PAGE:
LAS VEGAS (FOX5) -- Ahead of Fourth of July, tracking illegal fireworks activity is a tricky act for police. But this year, they're asking for the public's help so they can better target problem areas.
Fire and police agencies are using feedback on ispyfireworks.com, a page to report illegal fireworks, and they plan to work together using that data to combat the issue.
"For the last few weeks, we've been looking," said Captain Joshua Martinez with the Enterprise area command of Las Vegas Metropolitan Police.
One local's idea of a celebration is another's opportunity to write a ticket.
"Our officers are still taking that enforcement action leading up to the holiday weekend," Martinez said. "It's $250 on the first offense, $500 on the second offense, and the max fine would be $1,250."
Metro Police have been conducting planning meetings so they can keep the issue under control this year.
"It is the busiest day of the year for us," said Tim Szymanski, public education and information officer with Las Vegas Fire and Rescue.
They said illegal fireworks are illegal for a reason: they're dangerous.
"In one case one of the rockets went sideways and hit a child in the back, and she was in the burn unit for a couple of months because of those injuries sustained from that," said Szymanski.
Martinez added, "Our job is to prevent those tragic incidences from occurring."
If a resident hears or sees illegal fireworks, they're asked to report it at ispyfireworks.com. Illegal fireworks are the kind that pop in the air.
"That website can be used right now, so if ... somebody that you know has illegal fireworks and they're in possession of them, you can go ahead and report that and then we'd follow up on that," Martinez said.
While a Metro spokesperson said they couldn't possibly come out to each and every report of a firework, their goal, "is to try to get to every call of service that is placed," according to Martinez.
Residents are also urged to submit a complaint if they see someone in possession of unignited fireworks as well.
"Say you have a neighbor, or you know somebody that went and purchased a large sum of illegal fireworks in their house. We wouldn't want a house fire to occur," Martinez said.
This time last year, the areas most affected by fireworks remained largely on the southwest side of Las Vegas. Areas where the most activity occurred are zip codes 89139 and 89148.
"It could just be Enterprise area command is a large residential," Martinez said.
One local woman who lives in the Enterprise area said this year, they have had enough.
"This year, we're going out of town because there's just too many fireworks," said Tammy Hollis.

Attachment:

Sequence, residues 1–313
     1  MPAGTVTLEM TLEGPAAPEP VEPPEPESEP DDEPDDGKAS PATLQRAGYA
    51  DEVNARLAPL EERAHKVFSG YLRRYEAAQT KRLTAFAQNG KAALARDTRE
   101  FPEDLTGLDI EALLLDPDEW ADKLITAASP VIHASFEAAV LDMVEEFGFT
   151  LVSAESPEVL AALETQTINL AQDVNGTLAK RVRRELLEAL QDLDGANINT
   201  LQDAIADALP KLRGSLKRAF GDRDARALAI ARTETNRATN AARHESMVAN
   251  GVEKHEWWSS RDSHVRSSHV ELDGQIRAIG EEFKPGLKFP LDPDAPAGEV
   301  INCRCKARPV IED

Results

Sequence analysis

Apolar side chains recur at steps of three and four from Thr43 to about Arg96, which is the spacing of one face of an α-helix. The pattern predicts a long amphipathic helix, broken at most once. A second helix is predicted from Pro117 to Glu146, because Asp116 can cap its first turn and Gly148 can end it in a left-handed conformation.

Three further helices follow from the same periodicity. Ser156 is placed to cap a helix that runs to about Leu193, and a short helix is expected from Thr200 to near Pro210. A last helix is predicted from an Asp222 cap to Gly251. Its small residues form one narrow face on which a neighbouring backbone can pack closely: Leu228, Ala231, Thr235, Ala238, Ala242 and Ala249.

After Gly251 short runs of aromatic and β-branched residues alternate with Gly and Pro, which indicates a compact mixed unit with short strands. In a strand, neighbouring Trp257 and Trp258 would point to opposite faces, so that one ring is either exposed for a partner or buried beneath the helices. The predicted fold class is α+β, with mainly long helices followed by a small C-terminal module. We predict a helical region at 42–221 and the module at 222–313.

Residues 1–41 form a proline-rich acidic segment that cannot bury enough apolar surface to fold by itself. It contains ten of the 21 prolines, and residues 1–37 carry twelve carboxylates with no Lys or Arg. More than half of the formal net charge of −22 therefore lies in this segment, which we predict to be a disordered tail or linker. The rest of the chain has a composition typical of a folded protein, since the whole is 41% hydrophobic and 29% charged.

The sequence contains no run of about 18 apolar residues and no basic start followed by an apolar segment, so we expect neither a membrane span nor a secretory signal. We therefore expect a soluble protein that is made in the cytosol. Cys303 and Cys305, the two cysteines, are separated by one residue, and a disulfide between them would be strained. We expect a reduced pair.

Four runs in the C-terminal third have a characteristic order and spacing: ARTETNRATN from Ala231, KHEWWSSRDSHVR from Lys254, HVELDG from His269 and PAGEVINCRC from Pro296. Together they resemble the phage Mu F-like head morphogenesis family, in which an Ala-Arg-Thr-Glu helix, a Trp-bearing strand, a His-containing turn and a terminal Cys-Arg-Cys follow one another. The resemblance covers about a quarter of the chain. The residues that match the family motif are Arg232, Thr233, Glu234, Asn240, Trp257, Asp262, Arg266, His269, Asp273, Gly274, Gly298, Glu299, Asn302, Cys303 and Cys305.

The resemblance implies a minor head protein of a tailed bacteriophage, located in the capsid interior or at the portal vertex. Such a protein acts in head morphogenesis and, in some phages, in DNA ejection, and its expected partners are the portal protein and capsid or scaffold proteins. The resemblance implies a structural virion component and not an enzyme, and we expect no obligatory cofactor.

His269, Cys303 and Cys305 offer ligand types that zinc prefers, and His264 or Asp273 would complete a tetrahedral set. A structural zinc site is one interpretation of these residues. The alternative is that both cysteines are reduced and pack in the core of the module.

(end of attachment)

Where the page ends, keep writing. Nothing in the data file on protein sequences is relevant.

She said in the 17 years she's been there, the illegal fireworks have gotten more frequent, something that really affects her rescue dog named Moose.
"He shakes, sheds a lot, tries to hide in the closets, tries to get behind things, just, he's just a nervous wreck, drools a lot," Hollis said.
She said she issued a complaint last year because the fireworks kept going off until 3 or 4 a.m.
"Oh yeah, you can see them, you can see them from our backyard, you can see them all over our house," Hollis said. "We've had [our dog] on meds for two weeks so that it'll start calming him now in case they start tonight."
On the weekend of the Fourth of July, Metro officers will be riding with Clark County Fire Department officials to respond to illegal fireworks activity.
"It'll be a taskforce of personnel from the fire department and Metro, and so Metro will go out with them," Martinez said.
"The fire department is there as technical advisors, so when those teams go out we're just there to help the officers determine which is legal or illegal, and the ones that are confiscated by law enforcement we will make sure that they are properly disposed of," said Szymanski.
Martinez said Metro designated certain officers to be on fireworks duty throughout the weekend, and that they'll be using the ispyfireworks.com data in real time to inform patrol location decisions.
"That way we're effectively using the personnel we have on duty for the weekend," Martinez said. "We want to make sure everybody enjoys the Fourth of July weekend, and celebrates appropriately, and is able to end the weekend safely."
In the meantime, Hollis isn't taking any chances, and is taking their dog and going up into the mountains for a vacation.
"Through the years gotten worse," Hollis said.
To report fireworks, officials urge residents to use ispyfireworks.com or 311, unless it's the weekend of the Fourth of July, in which case they are urging everyone to only submit complaints to ispyfireworks.com.
Refrain from calling 911 to report fireworks complaints.